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Absolutely correct

by hschoenman In reply to Legally Speaking

I've worked for three very large companies, the last two (30 years) as a manager. In both cases we (the managers) were "trained" by HR on a number of occasions to give out only name, dates of employment and ending salary (the corporate equivalent of the military's "name, rank and serial number") and for anything else to refer them to the HR dept. Under no circumstances write and sign a letter.

You can help the guy but not by writing a letter or verbally recommending him. Help him by telling him to find his true calling in a different field.

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Truthful, not revealing

by HollandM In reply to How would you write a Let ...

You wanted him gone, and he's gone. And you want to write a truthful letter of recommendation to help him get a new job. Great! Be truthful, but not revealing.

Simply say, "John Doe was a punctual, easy-going employee, who worked at XYZ company from date to date as a technical support representative. During his time here, he took only X sick days, and worked well with his co-workers." Short and simple. Say the good stuff, leave out the bad, and quit writing.

If they call you for a specific reference, and ask about his technical competence, you can answer truthfully if you want -- or just refer them to HR if you work at a big company.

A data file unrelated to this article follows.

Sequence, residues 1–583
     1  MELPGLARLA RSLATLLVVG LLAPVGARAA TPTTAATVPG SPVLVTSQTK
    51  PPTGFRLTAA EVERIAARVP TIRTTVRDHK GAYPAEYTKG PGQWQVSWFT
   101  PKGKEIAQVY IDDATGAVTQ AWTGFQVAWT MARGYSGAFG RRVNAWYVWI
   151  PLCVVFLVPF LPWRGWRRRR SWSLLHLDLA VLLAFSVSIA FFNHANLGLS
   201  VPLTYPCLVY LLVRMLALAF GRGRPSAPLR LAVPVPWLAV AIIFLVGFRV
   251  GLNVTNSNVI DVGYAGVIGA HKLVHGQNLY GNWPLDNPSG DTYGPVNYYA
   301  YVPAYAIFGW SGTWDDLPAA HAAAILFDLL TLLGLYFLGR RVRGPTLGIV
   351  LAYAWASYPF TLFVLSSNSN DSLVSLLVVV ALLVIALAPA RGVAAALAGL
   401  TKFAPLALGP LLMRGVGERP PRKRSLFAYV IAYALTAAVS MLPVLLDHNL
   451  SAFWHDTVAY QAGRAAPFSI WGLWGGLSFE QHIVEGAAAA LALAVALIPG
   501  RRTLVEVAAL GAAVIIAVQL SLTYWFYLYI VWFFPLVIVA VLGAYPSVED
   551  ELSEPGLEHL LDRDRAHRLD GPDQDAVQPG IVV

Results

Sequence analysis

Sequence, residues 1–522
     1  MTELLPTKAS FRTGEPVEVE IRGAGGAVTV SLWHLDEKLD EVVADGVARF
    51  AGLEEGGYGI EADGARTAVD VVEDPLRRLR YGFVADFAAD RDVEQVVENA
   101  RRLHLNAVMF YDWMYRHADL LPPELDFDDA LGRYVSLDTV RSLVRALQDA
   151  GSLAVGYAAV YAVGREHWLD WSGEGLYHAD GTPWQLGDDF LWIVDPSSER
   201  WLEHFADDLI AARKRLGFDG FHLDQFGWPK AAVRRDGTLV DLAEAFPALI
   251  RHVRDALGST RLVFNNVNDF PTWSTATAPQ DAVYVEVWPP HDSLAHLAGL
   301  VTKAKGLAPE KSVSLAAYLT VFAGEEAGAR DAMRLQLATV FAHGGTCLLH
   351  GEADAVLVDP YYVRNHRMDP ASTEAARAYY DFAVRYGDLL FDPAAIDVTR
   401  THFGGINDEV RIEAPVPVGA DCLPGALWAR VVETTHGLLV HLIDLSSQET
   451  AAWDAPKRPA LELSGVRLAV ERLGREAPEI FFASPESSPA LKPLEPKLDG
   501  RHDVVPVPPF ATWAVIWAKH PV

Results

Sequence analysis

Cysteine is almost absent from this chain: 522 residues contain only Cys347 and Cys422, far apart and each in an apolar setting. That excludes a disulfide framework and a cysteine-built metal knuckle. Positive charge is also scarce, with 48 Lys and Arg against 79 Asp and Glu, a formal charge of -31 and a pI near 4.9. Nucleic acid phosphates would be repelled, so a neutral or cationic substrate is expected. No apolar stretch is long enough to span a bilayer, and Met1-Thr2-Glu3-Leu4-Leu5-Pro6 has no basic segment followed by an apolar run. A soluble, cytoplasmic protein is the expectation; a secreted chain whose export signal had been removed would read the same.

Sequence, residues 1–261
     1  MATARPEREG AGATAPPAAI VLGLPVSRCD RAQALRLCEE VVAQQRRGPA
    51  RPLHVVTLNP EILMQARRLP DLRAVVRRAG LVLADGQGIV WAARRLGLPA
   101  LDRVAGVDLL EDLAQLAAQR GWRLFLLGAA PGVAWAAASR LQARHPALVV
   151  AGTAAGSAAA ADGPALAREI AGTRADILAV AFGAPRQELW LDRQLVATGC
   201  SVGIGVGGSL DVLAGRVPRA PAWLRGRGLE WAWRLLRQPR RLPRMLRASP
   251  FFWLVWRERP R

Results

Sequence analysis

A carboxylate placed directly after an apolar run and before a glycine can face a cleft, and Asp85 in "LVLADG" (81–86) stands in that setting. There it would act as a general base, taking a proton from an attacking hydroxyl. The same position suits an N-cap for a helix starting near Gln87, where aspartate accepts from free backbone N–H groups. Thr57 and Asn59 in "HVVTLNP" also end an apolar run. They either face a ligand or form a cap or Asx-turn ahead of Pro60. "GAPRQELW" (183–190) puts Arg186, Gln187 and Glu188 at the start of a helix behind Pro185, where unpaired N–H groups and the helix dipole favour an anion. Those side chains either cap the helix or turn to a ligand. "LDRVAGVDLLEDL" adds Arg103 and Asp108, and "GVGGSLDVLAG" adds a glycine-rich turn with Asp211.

Another way to help the guy if you want to help him (without lying to a colleague) is to say: "Sorry, but I can only confirm dates of employment." If they push, go ahead and say, "I already told you, I can't comment on his technical knowledge or ability, just confirm dates of employment."

This way, you don't have to say anything negative -- but you're giving a hint to anyone who's paying attention that you're not endorsing his ability, either. Anybody who hires him after a reference call like that should have been forewarned, but you needn't feel guilty about giving him a bad reference, and you've given him no real room for litigation or an unemployment claim.

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Use the first paragraph of your post

by bschaettle In reply to How would you write a Let ...

It seems to me that you've already written a pretty honest letter: the first paragraph of your post. It's short, honest and generally complimentary of his better traits.

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Over and done

by jpenrose In reply to How would you write a Let ...

It appears that you've written the letter and have moved on (at least from this discussion anyway) but I'll chime in b/c I'm faced with the same challenge at the end of this month.

You said "We had an honest relationship and I've tried to steer him away from technology" which seems to imply that you've told him in so many words that he isn't cut out for a career in IT support. If this is truly the case and you don't want to mislead anyone then you really shouldn't have written the letter. You should explain to the man that you feel his strengths do not lie in the field of technology and that recommending him to continue down a career path that he is clearly not in tune with would be doing him a great disservice. If you want him to succeed then don't allow him to get in his own way. Do him a favor now.

JPenrose